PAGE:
Malaria is currently treated with three-day regimens [4]. The various artemisinin combinations in use are generally highly efficacious and well tolerated. Adherence is not perfect but, where measured, it has been satisfactory. Chloroquine treatment is also given over three days, but the 25 mg base/kg total dose can be squeezed into 36 h. The only times malaria has had single dose treatments were when sulfadoxine-pyrimethamine [SP] (or sulfalene-pyrimethamine) and, briefly, mefloquine were used for the treatment of falciparum malaria, but resistance to both emerged rapidly. Single dose treatment sounds good, and has substantial operational advantages, but is it wise for a potentially lethal infection? Three-day regimens have a very valuable inbuilt safety feature. If the first dose is vomited or poorly absorbed, subsequent doses will compensate. This is important as vomiting is common in young children with acute malaria, who bear most of lethal global burden of malaria. Vomiting or regurgitation of medicines is more likely in children with higher parasite burdens who are more ill [4,5,6,7]. It is these patients with high parasite burdens, low anti-malarial drug levels, and little background immunity to control their infections, who are the probable source of de-novo anti-malarial drug resistance [8]. To prevent the emergence of anti-malarial drug resistance in falciparum malaria it is particularly important that hyperparasitaemic patients receive a curative drug regimen. We were fortunate with SP, which was very well tolerated and well absorbed, but many anti-malarial drugs do cause nausea, particularly at the high doses that might be needed to ensure a single encounter cure, and resources to observe young children for an hour after anti-malarial drug administration are often unavailable. Three-day anti-malarial drug regimens work very well. The problem with 3-day treatments is not poor adherence, it is poor access, although substantial improvements have been made in recent years.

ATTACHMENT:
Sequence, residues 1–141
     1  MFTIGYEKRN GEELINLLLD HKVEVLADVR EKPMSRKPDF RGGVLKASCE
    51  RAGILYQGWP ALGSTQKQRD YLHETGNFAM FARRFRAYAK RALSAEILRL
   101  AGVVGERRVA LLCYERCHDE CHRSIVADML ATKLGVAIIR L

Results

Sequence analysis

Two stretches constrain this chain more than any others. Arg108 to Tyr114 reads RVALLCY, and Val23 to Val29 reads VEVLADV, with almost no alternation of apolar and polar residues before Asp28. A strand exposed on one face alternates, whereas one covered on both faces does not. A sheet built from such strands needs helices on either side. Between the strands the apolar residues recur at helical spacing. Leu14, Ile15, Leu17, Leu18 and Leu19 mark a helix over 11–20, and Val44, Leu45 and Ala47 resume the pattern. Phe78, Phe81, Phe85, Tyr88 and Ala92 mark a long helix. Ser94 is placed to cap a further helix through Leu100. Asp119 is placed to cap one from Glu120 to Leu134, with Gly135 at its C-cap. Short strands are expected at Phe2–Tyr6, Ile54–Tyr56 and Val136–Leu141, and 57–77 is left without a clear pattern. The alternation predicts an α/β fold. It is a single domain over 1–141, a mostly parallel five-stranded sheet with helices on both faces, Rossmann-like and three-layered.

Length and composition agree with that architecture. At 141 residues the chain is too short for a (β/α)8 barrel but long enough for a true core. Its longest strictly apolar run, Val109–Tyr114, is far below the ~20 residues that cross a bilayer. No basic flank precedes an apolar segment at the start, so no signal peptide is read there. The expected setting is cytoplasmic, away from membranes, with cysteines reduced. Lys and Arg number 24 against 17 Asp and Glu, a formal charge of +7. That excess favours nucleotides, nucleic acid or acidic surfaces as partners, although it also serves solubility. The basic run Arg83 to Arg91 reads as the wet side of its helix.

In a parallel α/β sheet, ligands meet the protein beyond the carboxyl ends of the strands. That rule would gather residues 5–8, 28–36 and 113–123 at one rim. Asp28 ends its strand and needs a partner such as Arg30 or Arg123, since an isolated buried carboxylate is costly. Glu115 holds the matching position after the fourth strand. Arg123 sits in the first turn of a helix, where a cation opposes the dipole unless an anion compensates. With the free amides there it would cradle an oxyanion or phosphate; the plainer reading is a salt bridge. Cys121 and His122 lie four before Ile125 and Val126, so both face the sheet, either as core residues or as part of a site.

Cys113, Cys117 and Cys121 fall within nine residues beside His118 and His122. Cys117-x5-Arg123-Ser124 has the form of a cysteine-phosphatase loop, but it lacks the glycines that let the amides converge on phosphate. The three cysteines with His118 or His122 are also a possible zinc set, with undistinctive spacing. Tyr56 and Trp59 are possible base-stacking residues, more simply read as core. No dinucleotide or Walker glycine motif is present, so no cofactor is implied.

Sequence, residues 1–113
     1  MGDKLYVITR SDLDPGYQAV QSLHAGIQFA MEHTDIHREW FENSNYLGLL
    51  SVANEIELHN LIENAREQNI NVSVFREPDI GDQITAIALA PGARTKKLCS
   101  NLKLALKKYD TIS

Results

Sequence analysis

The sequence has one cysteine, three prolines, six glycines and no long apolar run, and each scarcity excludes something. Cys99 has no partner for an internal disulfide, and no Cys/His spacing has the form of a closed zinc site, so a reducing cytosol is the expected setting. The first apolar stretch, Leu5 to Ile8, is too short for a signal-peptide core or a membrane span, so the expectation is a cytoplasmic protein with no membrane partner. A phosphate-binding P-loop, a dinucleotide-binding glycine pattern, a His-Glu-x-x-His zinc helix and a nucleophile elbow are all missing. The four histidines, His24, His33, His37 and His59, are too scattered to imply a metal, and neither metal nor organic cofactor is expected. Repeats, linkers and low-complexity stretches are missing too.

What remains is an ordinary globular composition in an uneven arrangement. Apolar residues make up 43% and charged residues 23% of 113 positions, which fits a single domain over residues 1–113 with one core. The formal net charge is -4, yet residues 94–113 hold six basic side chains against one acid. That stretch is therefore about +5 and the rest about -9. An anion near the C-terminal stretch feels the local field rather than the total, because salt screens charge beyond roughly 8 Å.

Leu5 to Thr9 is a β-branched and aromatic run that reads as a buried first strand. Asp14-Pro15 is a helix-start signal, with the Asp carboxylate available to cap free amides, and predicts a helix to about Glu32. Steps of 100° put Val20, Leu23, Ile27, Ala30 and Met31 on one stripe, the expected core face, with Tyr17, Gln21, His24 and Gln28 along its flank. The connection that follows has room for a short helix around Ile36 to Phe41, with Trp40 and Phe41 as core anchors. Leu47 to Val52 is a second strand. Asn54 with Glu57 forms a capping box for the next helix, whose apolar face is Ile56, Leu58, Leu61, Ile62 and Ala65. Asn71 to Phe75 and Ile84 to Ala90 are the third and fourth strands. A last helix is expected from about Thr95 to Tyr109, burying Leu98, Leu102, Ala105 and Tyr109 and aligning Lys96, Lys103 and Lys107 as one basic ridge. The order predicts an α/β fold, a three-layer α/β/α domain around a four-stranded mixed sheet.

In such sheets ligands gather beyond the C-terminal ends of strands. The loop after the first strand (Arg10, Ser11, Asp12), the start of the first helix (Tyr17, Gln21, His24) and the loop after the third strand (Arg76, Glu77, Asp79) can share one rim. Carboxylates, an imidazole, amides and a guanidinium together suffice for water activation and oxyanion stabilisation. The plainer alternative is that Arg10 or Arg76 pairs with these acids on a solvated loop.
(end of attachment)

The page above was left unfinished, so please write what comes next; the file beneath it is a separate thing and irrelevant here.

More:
Providing radical cure for vivax and ovale malaria adds an additional and difficult challenge. The only drugs providing radical cure are the 8-aminoquinolines, but these compounds cause haemolysis in glucose-6-phosphate dehydrogenase (G6PD) deficiency, which is common in most tropical areas. The recently registered tafenoquine is a slowly eliminated 8-aminoquinoline which does provide a single dose radical cure (although the currently recommended 300 mg adult dose appears to be too low). However, the price of the operational advantage of the single dose is the operational disadvantage of requiring a quantitative (rather than a qualitative) G6PD evaluation before treatment. This is because the slowly eliminated 8-aminoquinoline causes protracted haemolysis in G6PD deficiency, and this could be clinically significant even in female heterozygotes who may test as “normal” with the current rapid G6PD screens (i.e. the ‘spot” test or recently introduced rapid diagnostic tests) [9]. So tafenoquine is currently the only route to achieving the radical cure component of SERCAP on the near horizon [10].